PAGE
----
DD: And she thought it was a set-up (laughs). When was this? Mid-eighties? That’s funny that is. It’s quite possible. We used to play around a lot. We used to play around for our audiences a lot. I remember we did… erm, we were doing a lot of tours in the early seventies when we were sorta getting back into America, and we used to get bored playing some nights. So sometimes Ray and I might deliberately wind each other up just to get a bit of energy happening. You know what I mean? I remember one night which was really fun. We started the show with “Victoria”, and we actually played it BACKWARDS!, you know – going Shee-ooo-ooo She-ooo-ooo slurp slurp nya nya. We were all, like, walking round and playing backwards. And the stunned audience were just sitting there going… (blank expression). They must have thought we were… (he dissolves in laughter). It’s all a bit daft. But sometimes you have to do things like that to keep the spirits up. Y’know. It can be quite miserable sitting in a shitty Hotel when everybody really just wants to go home. You’re depressed and you’re looking at cold pizza from last night, with only a bottle of Heineken for company. Then you think that all the things that surround you come together when you get on that stage. But you know, when things are great it’s worth the effort.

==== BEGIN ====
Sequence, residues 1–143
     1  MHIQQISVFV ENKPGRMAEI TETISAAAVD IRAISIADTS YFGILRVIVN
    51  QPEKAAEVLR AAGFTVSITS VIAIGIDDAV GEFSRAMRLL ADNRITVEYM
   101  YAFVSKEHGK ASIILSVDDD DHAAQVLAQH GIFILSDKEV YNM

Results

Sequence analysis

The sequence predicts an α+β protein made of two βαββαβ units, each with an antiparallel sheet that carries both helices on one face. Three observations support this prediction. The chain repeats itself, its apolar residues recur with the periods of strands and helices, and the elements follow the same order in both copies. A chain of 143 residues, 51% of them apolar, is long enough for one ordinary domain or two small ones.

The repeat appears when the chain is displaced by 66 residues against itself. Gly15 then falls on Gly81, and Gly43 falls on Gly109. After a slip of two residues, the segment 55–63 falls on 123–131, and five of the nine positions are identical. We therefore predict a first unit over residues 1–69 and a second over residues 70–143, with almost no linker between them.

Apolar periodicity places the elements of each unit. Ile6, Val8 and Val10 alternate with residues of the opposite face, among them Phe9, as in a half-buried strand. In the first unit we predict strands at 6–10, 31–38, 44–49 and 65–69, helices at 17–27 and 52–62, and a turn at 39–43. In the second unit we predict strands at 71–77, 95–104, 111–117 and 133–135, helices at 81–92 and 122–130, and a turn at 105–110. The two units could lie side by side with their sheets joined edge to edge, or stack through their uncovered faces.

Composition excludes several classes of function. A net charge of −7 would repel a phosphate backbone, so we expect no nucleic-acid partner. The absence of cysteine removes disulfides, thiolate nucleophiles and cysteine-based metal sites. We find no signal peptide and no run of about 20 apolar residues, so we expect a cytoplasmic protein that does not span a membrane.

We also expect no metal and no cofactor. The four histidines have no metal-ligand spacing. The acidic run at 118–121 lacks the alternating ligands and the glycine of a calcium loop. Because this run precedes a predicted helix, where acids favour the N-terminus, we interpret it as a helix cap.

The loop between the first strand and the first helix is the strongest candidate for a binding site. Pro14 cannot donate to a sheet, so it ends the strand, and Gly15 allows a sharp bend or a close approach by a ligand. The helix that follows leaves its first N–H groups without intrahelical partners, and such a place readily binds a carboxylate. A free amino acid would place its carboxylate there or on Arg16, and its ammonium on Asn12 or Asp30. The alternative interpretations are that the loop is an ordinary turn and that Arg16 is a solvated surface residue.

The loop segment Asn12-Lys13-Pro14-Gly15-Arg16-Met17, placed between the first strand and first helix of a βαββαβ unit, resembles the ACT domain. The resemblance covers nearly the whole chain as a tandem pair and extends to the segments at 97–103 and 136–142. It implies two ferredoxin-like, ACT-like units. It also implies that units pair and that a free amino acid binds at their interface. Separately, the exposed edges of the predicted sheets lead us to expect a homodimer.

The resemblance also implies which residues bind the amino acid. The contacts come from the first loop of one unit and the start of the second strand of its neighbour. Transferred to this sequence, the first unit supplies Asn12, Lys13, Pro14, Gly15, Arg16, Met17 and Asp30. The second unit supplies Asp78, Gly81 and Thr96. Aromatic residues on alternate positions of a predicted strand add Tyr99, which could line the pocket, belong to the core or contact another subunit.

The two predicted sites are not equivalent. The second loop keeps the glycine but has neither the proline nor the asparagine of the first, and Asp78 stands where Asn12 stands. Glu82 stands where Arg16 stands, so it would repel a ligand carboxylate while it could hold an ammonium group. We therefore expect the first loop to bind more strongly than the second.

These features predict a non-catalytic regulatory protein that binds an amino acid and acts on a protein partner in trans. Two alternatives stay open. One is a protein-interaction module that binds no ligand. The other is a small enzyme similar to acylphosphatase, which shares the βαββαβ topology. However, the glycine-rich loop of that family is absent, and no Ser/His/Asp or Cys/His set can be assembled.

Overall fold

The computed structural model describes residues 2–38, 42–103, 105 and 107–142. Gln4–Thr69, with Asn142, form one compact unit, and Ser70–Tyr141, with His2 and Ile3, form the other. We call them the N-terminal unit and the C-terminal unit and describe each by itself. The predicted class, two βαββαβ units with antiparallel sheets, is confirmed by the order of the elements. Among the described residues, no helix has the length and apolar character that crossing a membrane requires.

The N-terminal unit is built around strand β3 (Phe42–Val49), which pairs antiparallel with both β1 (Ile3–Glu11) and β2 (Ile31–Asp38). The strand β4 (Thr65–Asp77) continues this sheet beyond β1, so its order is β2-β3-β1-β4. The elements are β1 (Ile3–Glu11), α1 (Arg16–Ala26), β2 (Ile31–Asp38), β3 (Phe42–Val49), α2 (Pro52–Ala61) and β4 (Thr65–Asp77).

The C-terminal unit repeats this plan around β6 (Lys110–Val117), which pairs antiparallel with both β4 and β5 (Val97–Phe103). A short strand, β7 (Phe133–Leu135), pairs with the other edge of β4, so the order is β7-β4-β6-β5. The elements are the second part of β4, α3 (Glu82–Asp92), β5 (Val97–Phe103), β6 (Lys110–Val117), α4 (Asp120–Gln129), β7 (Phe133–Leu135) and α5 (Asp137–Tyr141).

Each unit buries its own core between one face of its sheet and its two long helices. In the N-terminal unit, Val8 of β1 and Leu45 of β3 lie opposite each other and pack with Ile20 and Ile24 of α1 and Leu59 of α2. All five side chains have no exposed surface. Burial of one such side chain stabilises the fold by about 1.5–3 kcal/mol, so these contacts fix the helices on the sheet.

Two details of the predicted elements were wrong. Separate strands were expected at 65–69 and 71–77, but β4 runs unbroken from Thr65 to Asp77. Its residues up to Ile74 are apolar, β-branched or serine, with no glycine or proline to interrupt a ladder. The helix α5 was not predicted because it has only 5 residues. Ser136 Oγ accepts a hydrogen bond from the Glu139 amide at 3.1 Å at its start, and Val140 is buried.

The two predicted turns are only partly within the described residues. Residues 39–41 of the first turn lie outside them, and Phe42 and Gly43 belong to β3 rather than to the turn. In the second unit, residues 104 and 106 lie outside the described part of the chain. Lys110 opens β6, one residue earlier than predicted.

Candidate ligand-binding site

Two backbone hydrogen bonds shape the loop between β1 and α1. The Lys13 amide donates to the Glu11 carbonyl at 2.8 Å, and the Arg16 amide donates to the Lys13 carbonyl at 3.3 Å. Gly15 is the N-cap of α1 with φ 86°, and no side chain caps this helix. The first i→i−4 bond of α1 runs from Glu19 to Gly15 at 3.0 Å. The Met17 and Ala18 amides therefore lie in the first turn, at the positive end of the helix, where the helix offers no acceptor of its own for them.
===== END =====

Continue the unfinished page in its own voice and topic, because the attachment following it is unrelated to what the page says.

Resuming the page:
AD: The Breeders line-up features two sisters (Kim and Kelly Deal).

DD: I like that record they made. What was that hit they had last year – ‘Last Splash’ (1993)? I loved that record. Yes. I wonder how they get on.

AD: And Oasis are going through the same problems. Do you have any advice for the Gallagher brothers?

DD: I don’t know to what degree… how do THEY get on? What’s the general thing with them?

AD: Similar to you and Ray. A loving contradiction. A loyal rivalry.